A Trump administration proposal to exclude drug companies’ discounts from the total of Medicare Part D beneficiaries’ out-of-pocket cost levels to reach lower cost sharing has some worried that seniors in the “Donut Hole” would suffer.
According to HealthAffairs.org, Trump’s proposed budget includes provisions aimed at modernizing Medicare Part D drug benefits. However, the proposal could potentially keep Medicare beneficiaries in the coverage gap for longer, delaying them from reaching levels at which cost sharing is lower. Presently, Part D beneficiaries pay a $405 deductible and 25 percent coinsurance up to $3,750 in total drug costs. Above this level, the beneficiary is responsible for about 35 percent total cost for brand-name drugs and 44 percent for generics up to an out-of-pocket spending level of $5,000. This phase of coverage is known as the coverage gap or “donut hole.” Once they hit $5,000 in out-of-pocket spending, beneficiaries move into “catastrophic coverage,” in which the cost-sharing burden is much lower — 5 percent for beneficiaries.
In the coverage gap, drug makers must offer branded drugs at half cost, however the pre-discounted price counts toward the beneficiary’s out-of-pocket level, thereby limiting recipients’ time in the donut hole. Trump’s proposal would use the discounted price in calculating out-of-pocket expense in the coverage gap, resulting in beneficiaries’ spending more of their own money to reach catastrophic coverage. The plan would save about $47 billion over 10 years, but would cost enrollees who do not receive low-income subsidies an estimated $1,000 more in cost sharing annually.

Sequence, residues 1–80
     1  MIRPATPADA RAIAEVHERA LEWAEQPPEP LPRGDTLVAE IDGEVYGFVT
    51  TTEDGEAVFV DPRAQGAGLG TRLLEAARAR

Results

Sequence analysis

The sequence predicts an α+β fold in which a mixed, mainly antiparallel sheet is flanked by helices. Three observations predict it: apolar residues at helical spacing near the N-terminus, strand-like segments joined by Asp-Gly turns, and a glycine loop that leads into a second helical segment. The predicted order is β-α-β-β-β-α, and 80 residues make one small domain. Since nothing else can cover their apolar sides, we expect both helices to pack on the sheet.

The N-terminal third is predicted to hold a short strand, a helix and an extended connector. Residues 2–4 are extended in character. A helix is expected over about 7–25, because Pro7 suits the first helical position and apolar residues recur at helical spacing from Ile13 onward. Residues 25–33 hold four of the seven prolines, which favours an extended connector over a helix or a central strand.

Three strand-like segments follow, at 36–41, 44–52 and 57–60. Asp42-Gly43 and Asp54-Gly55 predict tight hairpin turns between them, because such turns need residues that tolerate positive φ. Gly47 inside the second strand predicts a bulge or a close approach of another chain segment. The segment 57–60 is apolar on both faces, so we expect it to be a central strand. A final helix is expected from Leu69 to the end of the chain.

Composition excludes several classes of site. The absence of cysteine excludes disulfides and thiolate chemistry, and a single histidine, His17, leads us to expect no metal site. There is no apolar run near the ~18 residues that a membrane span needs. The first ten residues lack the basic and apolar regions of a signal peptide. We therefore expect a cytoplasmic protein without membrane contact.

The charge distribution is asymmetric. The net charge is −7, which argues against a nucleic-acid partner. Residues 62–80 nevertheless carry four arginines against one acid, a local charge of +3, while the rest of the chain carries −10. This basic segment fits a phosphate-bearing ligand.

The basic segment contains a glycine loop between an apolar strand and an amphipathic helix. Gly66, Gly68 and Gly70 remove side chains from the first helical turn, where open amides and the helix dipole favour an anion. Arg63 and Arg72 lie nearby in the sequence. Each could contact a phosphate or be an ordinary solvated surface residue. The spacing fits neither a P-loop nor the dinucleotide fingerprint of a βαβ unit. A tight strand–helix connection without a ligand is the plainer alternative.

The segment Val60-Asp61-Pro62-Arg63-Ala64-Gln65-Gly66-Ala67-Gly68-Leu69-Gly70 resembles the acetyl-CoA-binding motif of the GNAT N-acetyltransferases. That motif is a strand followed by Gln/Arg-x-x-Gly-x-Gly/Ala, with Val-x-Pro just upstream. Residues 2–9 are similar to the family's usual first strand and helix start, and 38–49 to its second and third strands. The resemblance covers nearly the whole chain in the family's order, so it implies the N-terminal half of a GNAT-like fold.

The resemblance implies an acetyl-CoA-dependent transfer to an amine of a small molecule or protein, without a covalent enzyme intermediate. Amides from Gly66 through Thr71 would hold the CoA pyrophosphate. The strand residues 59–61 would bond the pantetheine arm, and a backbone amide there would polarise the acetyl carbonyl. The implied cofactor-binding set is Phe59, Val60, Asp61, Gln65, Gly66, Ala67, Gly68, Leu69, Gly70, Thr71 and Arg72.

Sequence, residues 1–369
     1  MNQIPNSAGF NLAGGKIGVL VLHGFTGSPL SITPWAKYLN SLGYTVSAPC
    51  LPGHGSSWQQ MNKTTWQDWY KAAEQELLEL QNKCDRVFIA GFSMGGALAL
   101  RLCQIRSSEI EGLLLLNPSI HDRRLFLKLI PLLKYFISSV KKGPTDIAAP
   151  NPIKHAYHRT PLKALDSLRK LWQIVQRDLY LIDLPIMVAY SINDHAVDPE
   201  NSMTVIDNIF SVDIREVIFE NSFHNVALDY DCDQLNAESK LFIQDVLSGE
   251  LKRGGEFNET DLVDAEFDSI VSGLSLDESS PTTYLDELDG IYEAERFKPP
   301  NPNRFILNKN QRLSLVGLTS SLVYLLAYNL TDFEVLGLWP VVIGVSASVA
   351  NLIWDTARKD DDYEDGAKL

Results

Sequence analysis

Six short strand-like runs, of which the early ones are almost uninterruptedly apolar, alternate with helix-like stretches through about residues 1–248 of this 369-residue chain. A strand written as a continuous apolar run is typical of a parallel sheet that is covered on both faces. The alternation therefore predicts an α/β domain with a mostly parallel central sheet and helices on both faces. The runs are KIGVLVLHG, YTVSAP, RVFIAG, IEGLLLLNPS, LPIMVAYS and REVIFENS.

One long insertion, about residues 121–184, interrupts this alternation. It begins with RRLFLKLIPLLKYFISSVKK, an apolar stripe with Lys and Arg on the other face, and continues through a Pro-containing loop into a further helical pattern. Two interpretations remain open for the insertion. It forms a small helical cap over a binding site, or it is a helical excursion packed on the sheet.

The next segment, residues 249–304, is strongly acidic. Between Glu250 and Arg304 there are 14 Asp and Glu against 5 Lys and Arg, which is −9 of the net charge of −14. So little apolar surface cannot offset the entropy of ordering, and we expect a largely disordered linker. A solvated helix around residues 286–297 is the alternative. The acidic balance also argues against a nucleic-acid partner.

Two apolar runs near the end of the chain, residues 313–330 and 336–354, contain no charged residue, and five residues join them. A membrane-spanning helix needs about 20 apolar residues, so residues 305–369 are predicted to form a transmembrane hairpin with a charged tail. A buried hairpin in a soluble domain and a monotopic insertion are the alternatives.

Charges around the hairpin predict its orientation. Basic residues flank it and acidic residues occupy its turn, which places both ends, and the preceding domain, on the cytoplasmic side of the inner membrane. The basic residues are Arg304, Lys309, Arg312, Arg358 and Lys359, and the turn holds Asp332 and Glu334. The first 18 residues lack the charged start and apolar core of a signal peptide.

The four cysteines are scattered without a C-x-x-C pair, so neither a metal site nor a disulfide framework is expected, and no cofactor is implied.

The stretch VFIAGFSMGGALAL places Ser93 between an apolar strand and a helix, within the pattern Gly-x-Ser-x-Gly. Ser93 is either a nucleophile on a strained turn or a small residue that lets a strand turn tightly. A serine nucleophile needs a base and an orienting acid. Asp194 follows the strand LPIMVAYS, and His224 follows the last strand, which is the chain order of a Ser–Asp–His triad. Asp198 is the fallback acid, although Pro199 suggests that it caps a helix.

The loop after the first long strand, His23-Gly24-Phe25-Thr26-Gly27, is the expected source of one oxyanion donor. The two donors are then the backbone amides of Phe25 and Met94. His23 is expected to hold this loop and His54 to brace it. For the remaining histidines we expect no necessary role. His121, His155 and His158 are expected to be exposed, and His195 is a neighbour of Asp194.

Out-of-pocket costs for prescription drugs are already an issue for many beneficiaries, according to HealthAffairs.org. Beneficiaries spend an estimated 24 percent of their income on medical expenses, of which about a quarter is spend on out-of-pocket costs on prescriptions. Those who do not take or begin medication regimen due to expense is not uncommon, either.
About 75 percent of newly-diagnosed cancer patients applied for drug copay assistance, and some 33 percent of Medicare patients diagnosed with chronic myeloid leukemia did not start treatment within six months of diagnosis due to drug costs used in treatment.
Eliminating discounts from the coverage gap calculation could exacerbate poor adherance and medication discontinuation, critics say.
To read more on the impacts of Trump’s proposal, click here.